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Norwegian startup Blastr plans €4B green steel plant in Finland

Norwegian startup Blastr Green Steel is planning to establish a green steel plant with an integrated hydrogen production facility in Inkoo, Finland. Blastr has entered into a Letter of Intent with Nordic energy company Fortum that provides Blastr exclusive rights to utilize the existing industrial site located in Joddböle, Inkoo in Finland, 55 km west of Helsinki.

Fortum has developed the Joddböle area since the dismantling of its Inkoo coal-fired power plant there in 2017-2020. (The controlled implosion of the last chimney at the plant was on 24 March 2020.) The area has excellent conditions for industrial activities: a deep-water harbor and an excellent electricity transmission network.

The €4-billion investment is expected to create up to 1,200 direct jobs in the operations phase. The production is planned to start by end of 2026. Blastr’s project—the green steel plant together with the integrated hydrogen facility—will be among the largest industrial investments in Finland.

Green steel will be a critical raw material for developing renewable energy infrastructure, such as wind turbines, as well as in segments such as construction, the automotive industry, and consumer goods. In Europe alone, the demand for decarbonized steel is expected to reach 50 million tons by 2030—nearly one-third of the current European steel demand.

Finland is an ideal location for our project. It has an ambitious low-carbon target, supportive and predictable operating conditions for the green industry, fossil-free energy, and a highly qualified workforce. Inkoo was selected as our location due to its high-quality infrastructure and access to clean power. In addition, the ice-free deep-sea harbor enables efficient, low-carbon logistics all year round and close access to the European market.

—Hans Fredrik Wittusen, CEO of Blastr Green Steel

The steel industry produces about eight percent of the world’s CO₂ emissions due to the high amount of fossil fuels used to manufacture steel through conventional methods. Currently, one ton of steel produced creates about 1.9 tonnes of CO₂. Blastr will replace coke and coal with hydrogen in the chemical reduction phase, as well as reduce the CO₂ footprint along the entire value chain, with the aim of achieving 95% lower CO₂ emissions, compared to the conventional manufacturing process.

The steel plant is planned to produce 2.5 million tons of high-quality hot and cold-rolled green steel annually.

With the green steel produced in Inkoo, we aim to reduce carbon emissions by 4.6 million tons of CO₂ per year compared to conventional methods, corresponding to the amount of emissions created by all passenger cars in Finland annually. We will systematically address all parts of the value chain to reduce overall carbon footprint, reduce waste and develop circular solutions. Furthermore, our ambition is to secure a significant share of our power needs from directly or indirectly owned wind parks, contributing through own investments and partnerships to advance clean energy production in Finland. We believe that our project will provide positive benefits for the region, and we will engage in an active dialogue and cooperation with the local community and other stakeholders.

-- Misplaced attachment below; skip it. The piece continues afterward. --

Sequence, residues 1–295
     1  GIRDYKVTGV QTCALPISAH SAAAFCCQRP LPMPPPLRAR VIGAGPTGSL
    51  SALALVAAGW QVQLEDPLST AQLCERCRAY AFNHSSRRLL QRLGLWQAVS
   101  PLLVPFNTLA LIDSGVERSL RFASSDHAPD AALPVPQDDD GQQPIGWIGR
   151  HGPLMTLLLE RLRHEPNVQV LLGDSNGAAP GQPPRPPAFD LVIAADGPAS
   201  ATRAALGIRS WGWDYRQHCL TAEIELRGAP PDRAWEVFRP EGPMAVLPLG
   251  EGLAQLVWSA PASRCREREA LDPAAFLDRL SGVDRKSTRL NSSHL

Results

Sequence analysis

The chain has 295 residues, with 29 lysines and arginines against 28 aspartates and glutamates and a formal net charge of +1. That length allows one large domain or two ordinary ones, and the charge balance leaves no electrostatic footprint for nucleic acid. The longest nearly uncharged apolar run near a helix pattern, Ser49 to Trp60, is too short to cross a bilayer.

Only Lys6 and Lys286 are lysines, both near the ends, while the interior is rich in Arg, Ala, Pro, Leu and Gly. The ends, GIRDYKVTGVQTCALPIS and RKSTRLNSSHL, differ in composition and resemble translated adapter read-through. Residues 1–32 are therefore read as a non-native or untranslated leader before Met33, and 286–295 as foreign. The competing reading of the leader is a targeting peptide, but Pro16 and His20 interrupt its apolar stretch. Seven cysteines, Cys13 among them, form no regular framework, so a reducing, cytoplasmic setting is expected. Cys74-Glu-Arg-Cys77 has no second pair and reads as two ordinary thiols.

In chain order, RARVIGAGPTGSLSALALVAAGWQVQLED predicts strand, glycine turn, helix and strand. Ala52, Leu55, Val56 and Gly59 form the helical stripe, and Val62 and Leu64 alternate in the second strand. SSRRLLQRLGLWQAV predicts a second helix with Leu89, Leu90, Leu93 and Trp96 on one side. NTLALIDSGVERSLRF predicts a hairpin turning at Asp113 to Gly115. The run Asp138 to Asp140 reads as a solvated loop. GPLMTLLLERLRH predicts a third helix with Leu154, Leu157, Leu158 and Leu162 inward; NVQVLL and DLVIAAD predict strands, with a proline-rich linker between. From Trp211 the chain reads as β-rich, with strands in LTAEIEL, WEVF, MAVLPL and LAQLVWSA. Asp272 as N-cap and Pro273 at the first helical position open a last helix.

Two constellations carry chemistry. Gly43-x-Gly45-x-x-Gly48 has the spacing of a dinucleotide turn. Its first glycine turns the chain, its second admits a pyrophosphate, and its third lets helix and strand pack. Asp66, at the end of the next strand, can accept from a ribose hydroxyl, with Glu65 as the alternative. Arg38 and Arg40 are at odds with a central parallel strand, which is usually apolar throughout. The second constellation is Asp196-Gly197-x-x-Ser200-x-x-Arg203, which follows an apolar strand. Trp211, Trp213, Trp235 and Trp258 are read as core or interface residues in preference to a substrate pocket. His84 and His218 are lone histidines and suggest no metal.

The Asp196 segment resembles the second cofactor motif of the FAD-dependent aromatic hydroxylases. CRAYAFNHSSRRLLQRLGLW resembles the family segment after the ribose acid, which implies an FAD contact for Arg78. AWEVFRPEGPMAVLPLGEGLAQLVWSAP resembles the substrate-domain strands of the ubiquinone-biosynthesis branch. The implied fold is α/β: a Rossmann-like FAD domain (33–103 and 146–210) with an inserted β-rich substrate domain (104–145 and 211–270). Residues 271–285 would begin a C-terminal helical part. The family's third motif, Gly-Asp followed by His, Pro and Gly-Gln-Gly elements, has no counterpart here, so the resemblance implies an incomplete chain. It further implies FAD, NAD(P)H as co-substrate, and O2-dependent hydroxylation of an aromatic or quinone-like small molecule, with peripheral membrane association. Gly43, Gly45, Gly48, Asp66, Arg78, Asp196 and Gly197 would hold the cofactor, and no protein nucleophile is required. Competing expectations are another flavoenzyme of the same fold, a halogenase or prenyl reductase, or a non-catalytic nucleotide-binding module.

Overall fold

—Hans Fredrik Wittusen

In October 2022, Cargill’s metals business and Blastr agreed to work together to supply steel made without use of fossil fuels in the Nordic region.

Blastr was founded and is backed by Vanir Green Industries (VGI), a Nordic investment company that invests in, develops and scales businesses needed to accelerate the energy transition. VGI was established by Tore Ivar Slettemoen, one of the founders of Freyr Batteries.

Inkoo power plant. Fortum’s 1,000-megawatt Inkoo power plant was commissioned during 1974–1978. Back then, it was the biggest coal-fired power plant in the Nordic countries. For comparison, the production capacity of the Inkoo coal-fired power plant equalled the combined capacity of the Loviisa nuclear power plant’s units 1 and 2.


The now-demolished Inkoo coal plant. Edge of coal stockpile area visible at bottom.

Throughout the 2000s, the power plant produced electricity for the Nordic electricity markets, mainly only during peak consumption. In 2011–2013, the power plant’s number 3 unit was in the Energy Authority’s national peak-load reserve capacity system, but was subsequently no longer selected for the reserve capacity system.

The demolition of Inkoo’s large coal-fired power plant is an outstanding example of material recycling. More than 90% of all the demolition material was destined for recycling. The technological equipment has been recycled to Fortum’s own power plants or sold as spare parts to other power producers. The metal from Inkoo has been transported to various places in Finland for reuse. In spring 2018, a load of scrap metal was transported by ship from Inkoo to Turkey, where it was melted down and reused in the construction industry.

The concrete generated during the demolition work has been pulverised and cleaned. It will mainly be used to level the land in the power plant area and as filler material for the old ash basins.

Fortum’s aim was also to “recycle” the old power plant area.



This is looking better and better.

I hope the carbon border adjustment mechanism of the EU will hit all climate denying, laggard countries hard.

If this becomes a trend, the EU will nicely re-industrialize and co2 polluter countries loose a lot of business.

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